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Healthy Habits to Help Prevent Alzheimer's Disease

June is Alzheimer's Awareness Month, learn some helpful tips on spotting early signs of Alzheimer's and how to help prevent it.

June is Alzheimer's and Brain Awareness Month.

Alzheimer's disease is a progressive form of dementia that affects memory and cognition and can severly hinder your quality of life as you age.Scientists aren't sure of the cause of Alzheimer's disease, and there's no way to prevent the condition. Fortunately, research has identified certain things you can do to decrease your risk of developing this disease.

Here are some helpful tips to use so you can become more aware of the early signs of Alzheimer's and learn how to prevent Alzheimer's naturally.

Revamp Your Lifestyle and Embrace Healthy Living Habits

The way you live has a profound impact on the way you age. While Alzheimer's disease is not entirely avoidable, there are things you can do to stay mentally sharp and enjoy your golden years.

Committing to a healthy lifestyle is an essential part of Alzheimer's prevention. Research has found that a combination of lifestyle factors can substantially reduce the risk for Alzheimer's disease and dementia. These factors include exercise, changes in diet, and avoiding excessive alcohol use.

Here are some simple yet effective strategies to help you embrace a healthier lifestyle.

  • Get moving - While regular exercise is vital to stay physically fit, aerobic exercise has been found to enhance cognitive function, improve memory, and safeguard against disease progression for those at risk of Alzheimer's disease. A jog around the block or thirty minutes on a stationary bike can be powerful, effective ways to boost your brain health.
  • Check your blood pressure - Hypertension can cause significant damage to your vascular system, which increases your likelihood of developing Alzheimer's. One of the best ways to prevent Alzheimer's naturally is to keep your blood pressure in check. Reduce your salt intake and monitor your blood pressure daily if you are at risk of developing hypertension.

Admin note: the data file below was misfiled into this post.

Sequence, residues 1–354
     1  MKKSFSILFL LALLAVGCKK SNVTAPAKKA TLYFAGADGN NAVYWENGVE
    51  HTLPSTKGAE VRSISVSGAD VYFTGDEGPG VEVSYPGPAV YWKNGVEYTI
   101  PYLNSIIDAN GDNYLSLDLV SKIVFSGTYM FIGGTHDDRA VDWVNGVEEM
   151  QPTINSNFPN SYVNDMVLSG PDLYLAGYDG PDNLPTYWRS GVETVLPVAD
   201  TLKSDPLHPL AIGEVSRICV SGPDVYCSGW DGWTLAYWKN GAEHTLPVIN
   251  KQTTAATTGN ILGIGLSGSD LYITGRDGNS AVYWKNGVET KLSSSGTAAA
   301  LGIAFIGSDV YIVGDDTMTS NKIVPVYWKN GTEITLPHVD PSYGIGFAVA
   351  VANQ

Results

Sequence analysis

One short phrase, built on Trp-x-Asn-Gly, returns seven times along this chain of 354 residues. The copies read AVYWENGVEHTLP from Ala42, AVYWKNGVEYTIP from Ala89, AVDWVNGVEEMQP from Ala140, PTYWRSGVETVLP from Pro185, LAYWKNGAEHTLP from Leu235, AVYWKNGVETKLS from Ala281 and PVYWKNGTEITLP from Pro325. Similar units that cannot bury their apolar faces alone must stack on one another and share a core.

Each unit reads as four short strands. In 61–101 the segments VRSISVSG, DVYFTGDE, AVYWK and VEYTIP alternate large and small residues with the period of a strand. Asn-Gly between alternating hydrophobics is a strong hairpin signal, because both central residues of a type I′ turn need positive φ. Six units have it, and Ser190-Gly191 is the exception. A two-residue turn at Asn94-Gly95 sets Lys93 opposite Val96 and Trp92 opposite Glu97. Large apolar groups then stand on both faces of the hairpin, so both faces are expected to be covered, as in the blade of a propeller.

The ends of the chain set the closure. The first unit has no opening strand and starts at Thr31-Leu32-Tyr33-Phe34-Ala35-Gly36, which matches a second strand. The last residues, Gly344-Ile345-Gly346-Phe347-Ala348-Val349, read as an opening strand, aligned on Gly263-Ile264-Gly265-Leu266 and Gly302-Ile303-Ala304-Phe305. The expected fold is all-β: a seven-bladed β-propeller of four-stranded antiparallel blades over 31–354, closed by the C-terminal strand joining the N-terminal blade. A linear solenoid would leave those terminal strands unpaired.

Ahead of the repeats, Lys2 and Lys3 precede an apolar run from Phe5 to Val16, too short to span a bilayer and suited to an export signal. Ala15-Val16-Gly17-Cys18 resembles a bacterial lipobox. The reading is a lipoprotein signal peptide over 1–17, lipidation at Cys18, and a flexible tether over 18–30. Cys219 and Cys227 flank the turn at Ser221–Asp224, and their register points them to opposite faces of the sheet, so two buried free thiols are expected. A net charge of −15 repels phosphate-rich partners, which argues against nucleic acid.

• Take brain health supplements - There are many vitamins and supplements which have shown promise in boosting cognitive health. These types of nootropics can help improve brain functioning and help increase levels of creativity and motivation. For example, Dihexa is a nootropic supplement that research has found can help reduce the amount of brain atrophy that occurs in Alzheimer's. A study conducted in 2017 showed that Dihexa can help boost memory and improve cognitive functioning in mice who experienced significant cognitive impairment.
  • Stay socially active - Maintaining strong bonds with friends and family and enjoying an active social life are two powerful, natural ways to strengthen neural connections in the brain as you get older. Social isolation is connected with increased rates of dementia and depression, especially once you reach retirement age and become less engaged with your community. When you regularly attend social events such as outings and dinner parties, you are often engaged in lively conversation with those around you. While these may seem like trivial activities, such activities are an excellent way to improve mental sharpness and decrease your chances of Alzheimer's.
  • Revamp your diet - What you eat impacts your overall physical health and cognitive wellbeing. Diets high in salty, fatty, processed foods are associated with increased chances of developing obesity and disease. Consider making healthier dietary choices by choosing a diet that can improve your overall health. The DASH diet and the Mediterranean diet may help lower your risk of developing Alzheimer's disease. These options emphasize healthy grains, fatty fish, fruits, and vegetables while limiting red meat, salt, sugar, and highly processed foods.



Brain Booster Foods for Better Memory


Know the Early Signs and Symptoms of Alzheimer's Disease

Although finding out if you could be developing Alzheimer's early won't necessarily prevent the disease, it can help reduce the anxiety related to the symptoms and help you and your loved ones develop a plan to care for your health as the disease progresses.

Following are some of the earliest signs and symptoms you may notice if you or your loved one is at risk of developing Alzheimer's disease:

  • Poor judgement calls
  • Memory loss
  • Asking the same questions over and over again
  • Financial problems arising from an inability to pay bills or manage their budget
  • Wandering away from home and having difficulty finding their way back home
  • Leaving important items in random places around the house

Although Alzheimer's disease is not entirely preventable, following the above tips may help reduce your risk.

By sticking to a healthy diet, exercising regularly, and incorporating brain-boosting supplements into your daily regimen, you can enjoy an active lifestyle and healthy cognitive functioning as you age.

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